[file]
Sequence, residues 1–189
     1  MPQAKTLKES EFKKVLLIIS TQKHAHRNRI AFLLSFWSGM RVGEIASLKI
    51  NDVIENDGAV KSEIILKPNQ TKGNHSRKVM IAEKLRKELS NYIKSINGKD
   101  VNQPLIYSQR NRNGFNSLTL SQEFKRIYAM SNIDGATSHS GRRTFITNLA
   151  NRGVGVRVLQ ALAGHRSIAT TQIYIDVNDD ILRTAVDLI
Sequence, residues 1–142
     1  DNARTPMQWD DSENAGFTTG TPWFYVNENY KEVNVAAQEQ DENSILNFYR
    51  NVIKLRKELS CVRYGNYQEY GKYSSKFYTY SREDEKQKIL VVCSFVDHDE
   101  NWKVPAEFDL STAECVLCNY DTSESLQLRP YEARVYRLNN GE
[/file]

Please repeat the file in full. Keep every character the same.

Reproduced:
Sequence, residues 1–189
     1  MPQAKTLKES EFKKVLLIIS TQKHAHRNRI AFLLSFWSGM RVGEIASLKI
    51  NDVIENDGAV KSEIILKPNQ TKGNHSRKVM IAEKLRKELS NYIKSINGKD
   101  VNQPLIYSQR NRNGFNSLTL SQEFKRIYAM SNIDGATSHS GRRTFITNLA
   151  NRGVGVRVLQ ALAGHRSIAT TQIYIDVNDD ILRTAVDLI
Sequence, residues 1–142
     1  DNARTPMQWD DSENAGFTTG TPWFYVNENY KEVNVAAQEQ DENSILNFYR
    51  NVIKLRKELS CVRYGNYQEY GKYSSKFYTY SREDEKQKIL VVCSFVDHDE
   101  NWKVPAEFDL STAECVLCNY DTSESLQLRP YEARVYRLNN GE